Ugly Art: the paradox of aesthetics
What is the purpose of ugly art and why should we be interested in it?
You only have to google ‘Medieval cat’ or ‘Renaissance baby’ to find some bazar examples of art gone ugly. On top of this, thousands of works have been named and shamed as the ugliest art ever. This made narrowing down difficult. Ugliness is so broad and subjective. Even the word itself can be used to describe a medley of things beyond physical unattractiveness. Ronald Dahl summed it up best in The Twits:
“If a person has ugly thoughts, it begins to show on the face” where as a “person who has good thoughts cannot ever be ugly”.
Ugliness is clearly more than skin deep then, and I feel this pearl of wisdom must surely apply to the world of art. It certainly comes in handy to explain why I think the otherwise beautiful etching by Eric Gill, ‘Girl in Bath: I’ is in fact ugly. The model for this series of nudes was his daughter that he sexually abused. This for me changed the appearance of the art, turning it swiftly from beautiful to ugly. And, despite my attempts to separate the art from the artist, here I felt the line was too close; it all blurred into this ugly objectified mess. Here the art was intended to reflect beauty, but instead accomplishes the opposite.
Both the artists harness the ugly to control their viewers
So what about art that is ugly by design? Quentin Blake’s illustration for Ronald Dahl’s The Twits was the first example that popped to mind. Eight year old me was transfixed by the ugliness of the sketched couple. His technique of wobbly unfinished lines helped create this enticing ugliness. He forces the reader to gawk rudely at the drawings, revealing our own ugliness in turn. The same could be said for Francisco Goya’s painting ‘Saturn Devouring His Son’. The aim is to repulse the viewer at the ugliness of the cannibalistic act. (Granted, the worst the Twits ever ate where worms, but the effect to me felt the same). Both the artists harness the ugly to control their viewers.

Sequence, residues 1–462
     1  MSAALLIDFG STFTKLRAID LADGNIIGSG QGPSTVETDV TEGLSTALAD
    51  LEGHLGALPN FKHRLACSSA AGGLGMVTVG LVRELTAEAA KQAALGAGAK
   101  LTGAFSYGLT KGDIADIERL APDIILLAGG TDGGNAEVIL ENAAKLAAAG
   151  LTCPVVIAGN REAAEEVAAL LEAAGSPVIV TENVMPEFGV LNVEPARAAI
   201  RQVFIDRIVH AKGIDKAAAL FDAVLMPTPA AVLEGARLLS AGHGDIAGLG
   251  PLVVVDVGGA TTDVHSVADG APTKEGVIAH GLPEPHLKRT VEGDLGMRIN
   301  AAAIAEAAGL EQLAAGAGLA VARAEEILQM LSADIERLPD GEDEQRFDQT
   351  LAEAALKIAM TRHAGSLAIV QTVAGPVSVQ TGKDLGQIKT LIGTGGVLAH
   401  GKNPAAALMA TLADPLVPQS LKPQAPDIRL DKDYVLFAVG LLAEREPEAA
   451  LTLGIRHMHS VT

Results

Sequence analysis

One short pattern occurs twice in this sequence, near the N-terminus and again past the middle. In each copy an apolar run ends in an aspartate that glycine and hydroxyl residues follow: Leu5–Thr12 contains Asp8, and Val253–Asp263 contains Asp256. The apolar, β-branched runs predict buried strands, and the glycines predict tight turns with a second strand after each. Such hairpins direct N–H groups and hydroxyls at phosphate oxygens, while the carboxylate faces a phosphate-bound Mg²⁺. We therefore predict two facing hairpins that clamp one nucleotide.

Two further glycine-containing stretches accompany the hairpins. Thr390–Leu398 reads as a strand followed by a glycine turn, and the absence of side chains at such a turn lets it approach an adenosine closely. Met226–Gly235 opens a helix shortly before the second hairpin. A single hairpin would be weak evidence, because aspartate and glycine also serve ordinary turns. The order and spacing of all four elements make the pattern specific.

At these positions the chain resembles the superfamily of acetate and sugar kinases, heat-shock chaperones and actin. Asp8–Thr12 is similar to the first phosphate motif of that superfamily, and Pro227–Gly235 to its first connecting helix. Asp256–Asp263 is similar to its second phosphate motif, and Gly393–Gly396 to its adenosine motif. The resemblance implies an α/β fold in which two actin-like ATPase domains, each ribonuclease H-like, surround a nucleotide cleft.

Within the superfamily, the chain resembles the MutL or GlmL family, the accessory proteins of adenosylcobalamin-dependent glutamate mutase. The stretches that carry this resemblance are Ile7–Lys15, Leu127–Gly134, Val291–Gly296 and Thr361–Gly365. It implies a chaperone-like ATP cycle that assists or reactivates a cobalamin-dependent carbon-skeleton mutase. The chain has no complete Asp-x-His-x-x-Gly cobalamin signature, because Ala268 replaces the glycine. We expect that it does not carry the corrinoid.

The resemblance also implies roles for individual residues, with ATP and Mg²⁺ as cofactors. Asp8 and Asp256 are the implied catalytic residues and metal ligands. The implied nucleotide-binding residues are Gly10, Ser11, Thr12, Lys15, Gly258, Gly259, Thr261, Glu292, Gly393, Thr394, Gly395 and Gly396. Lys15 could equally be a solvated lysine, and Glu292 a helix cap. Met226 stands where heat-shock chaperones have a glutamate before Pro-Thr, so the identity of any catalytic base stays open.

However, I don’t find Blake or Goyer’s art ugly in the sense of unappealing. I love both, despite their acquired aesthetic taste. They are interesting and fascinating to stare at, and I would go back and view these pieces again and again. It was difficult to think of a piece of art whose ugly appearance was indefensible or if not then comedically enjoyable. Until I remembered the Toby jug.
It was difficult to think of a piece of art whose ugly appearance was indefensible
I will call them works of art because I feel the craftsmanship and historical value grants them a place. But, in terms of overall unappealing ugliness, I feel they take the cake. The jugs are modelled after famous and influential figures, formally royalty, however, their mawkishness and rosy cheeked expressions mean they don’t fit in the dark and surreal realm of satirical art. Neither do they come under the category of grotesque art, which, despite its name, encompasses beautifully ornate and gothic pieces. Toby jugs to me are simply ugly. However, the one thing I can take from the Toby jug is the idea that art doesn’t have to be beautiful. It’s incredibly uplifting to think that if people actually enjoy collecting and looking at these jugs, then there is a place in the world for your own art – regardless of it how ugly you may think it is. If nothing else, at least they’re a confidence boost.